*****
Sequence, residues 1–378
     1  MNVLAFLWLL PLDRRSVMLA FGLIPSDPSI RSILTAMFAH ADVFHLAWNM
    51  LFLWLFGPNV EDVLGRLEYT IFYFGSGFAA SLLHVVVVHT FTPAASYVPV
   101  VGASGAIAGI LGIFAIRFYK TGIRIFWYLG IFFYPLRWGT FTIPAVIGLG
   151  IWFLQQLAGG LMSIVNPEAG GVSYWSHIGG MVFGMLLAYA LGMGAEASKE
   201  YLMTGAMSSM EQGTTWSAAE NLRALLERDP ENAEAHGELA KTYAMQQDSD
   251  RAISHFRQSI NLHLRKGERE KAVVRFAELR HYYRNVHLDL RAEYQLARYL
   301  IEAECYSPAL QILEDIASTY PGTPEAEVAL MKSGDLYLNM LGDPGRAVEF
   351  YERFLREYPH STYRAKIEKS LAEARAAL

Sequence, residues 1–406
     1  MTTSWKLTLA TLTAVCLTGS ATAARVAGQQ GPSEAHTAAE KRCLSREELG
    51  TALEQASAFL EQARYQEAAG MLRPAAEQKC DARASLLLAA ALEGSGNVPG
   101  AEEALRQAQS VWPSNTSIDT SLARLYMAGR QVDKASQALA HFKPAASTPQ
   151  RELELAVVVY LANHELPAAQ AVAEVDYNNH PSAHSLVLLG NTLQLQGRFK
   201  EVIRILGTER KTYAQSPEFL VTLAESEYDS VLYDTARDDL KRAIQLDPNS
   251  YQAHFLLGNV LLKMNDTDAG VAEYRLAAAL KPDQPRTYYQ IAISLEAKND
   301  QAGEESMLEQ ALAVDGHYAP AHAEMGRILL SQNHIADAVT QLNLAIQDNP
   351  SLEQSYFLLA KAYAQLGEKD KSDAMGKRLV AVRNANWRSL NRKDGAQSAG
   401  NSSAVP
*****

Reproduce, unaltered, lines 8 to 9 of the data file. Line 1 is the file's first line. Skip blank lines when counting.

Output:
   301  IEAECYSPAL QILEDIASTY PGTPEAEVAL MKSGDLYLNM LGDPGRAVEF
   351  YERFLREYPH STYRAKIEKS LAEARAAL